Ryan: [inaudible] so no-nonsense though. I love it.
Selena: The thing about basics is that if you have basic acronyms and things that people can remember, then I feel like it can be more helpful. So that’s my goal. [00:10:00]
Ryan: All right. Well, I’m excited for that. What are these five Ps?
Selena: We’re not there yet. [Ryan laughs]
Ryan: I’m so titillated.
Selena: Okay, well, you can just be with all the other listeners and wait till we get there. [both laughs] Okay. So we are going to look to Scripture. We’ve talked about communication and conflict a lot on this podcast. I think we had a whole series on it if you want to check that out as well.
Ryan: It was just communication I think. It wasn’t the conflict piece.
Selena: Conflict was one of the weeks I think.
Ryan: Oh. You know, we’ve done a lot of these a series now.
Selena: So we are going to take a look at some scripture about communication. The Bible is filled with how we should talk good to each other. Right? [both laughs]
Selena: We can start in the Proverbs. Proverbs 29:11 is one that comes to mind. “A fool gives full vent to his spirit, but a wise man quietly holds it back.” That’s one that needs to be tattooed on my brain, heart, body, everything because I contend to get to the heart point and vent.
Ryan: That’s interesting.
Selena: It’s not always good.
Ryan: Especially in light of last week’s talk on self-control, selflessness, and really, this is the opposite of having self-control given full vent to your spirit. It’s like I just want to make sure those, you know, like in the cartoons when like-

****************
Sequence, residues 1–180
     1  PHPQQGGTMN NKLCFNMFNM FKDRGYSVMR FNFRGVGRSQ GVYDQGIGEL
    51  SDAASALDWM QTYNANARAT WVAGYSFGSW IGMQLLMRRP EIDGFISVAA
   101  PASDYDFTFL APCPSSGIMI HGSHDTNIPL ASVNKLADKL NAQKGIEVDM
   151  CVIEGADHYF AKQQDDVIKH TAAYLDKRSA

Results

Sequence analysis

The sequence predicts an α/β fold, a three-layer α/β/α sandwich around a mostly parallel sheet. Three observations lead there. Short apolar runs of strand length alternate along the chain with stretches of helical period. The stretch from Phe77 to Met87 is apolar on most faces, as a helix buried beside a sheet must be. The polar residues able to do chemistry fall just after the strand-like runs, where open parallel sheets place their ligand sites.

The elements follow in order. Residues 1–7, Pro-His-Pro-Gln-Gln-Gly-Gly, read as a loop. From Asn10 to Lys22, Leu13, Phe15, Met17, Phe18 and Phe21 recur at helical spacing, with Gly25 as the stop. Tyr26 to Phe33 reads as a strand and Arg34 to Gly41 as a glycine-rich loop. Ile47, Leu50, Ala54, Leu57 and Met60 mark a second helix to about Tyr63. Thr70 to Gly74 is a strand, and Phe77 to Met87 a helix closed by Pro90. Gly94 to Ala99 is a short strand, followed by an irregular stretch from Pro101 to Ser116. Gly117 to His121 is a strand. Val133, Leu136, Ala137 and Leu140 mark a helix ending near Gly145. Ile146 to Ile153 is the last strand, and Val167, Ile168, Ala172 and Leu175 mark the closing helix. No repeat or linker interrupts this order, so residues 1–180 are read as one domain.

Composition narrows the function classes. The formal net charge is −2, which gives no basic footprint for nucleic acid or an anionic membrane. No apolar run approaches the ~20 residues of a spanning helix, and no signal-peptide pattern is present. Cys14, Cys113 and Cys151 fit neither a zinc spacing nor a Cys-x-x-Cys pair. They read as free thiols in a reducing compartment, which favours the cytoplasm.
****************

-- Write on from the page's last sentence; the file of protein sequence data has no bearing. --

Selena: The Hawk?
Ryan: …the gas meter is maxed out and the valve is starting to blow-
Selena: It’s like Donald Duck when he just-
Ryan: So there’s no gauge on there. There’s no control on there. It’s just full force, full vent.
Selena: It’s like, Whoa, she’s going to blow.”
Ryan: So there is a correlation between our communication and our ability to be self-controlled.
Ryan: Okay. And, and this is what we talked about last week at length, is how that fruit of the Spirit has to well up from within us. Because in those hot moments it’s not in your flesh to say, “I’m not going to just blow up, I’m not going to just vent however I want to vent.”
Selena: Not even that I shouldn’t. Like you may think those things but-
Ryan: Right. You may not even be convicted in your flesh. But by the Spirit, we say, “Wow, this is actually not loving. I can’t just give full vent to my emotions because it’s not loving. It’s going to leave a pile of dead bodies behind me.
Selena: Metaphorically speaking. [chuckles]
Ryan: And then my husband, and my wife and my kids… Metaphorically speaking, yes. Be crystal clear about that. [both laughs] Okay. Sorry, that’s just the first one. Proverbs 29:11. We have Proverbs 12:18 here as well. “There is one whose rash words are like sword thrusts, but the tongue of the wise brings healing.” Rash words.
Selena: Yeah. Proverbs 15:28, “The heart of the righteous ponders how to answer, but the mouth of the wicked pours out evil things.” We’re also going to jump into Matthew 12:33-37. So this is the passage where Jesus is warning us about how our words are an indication of what is actually going on in our hearts.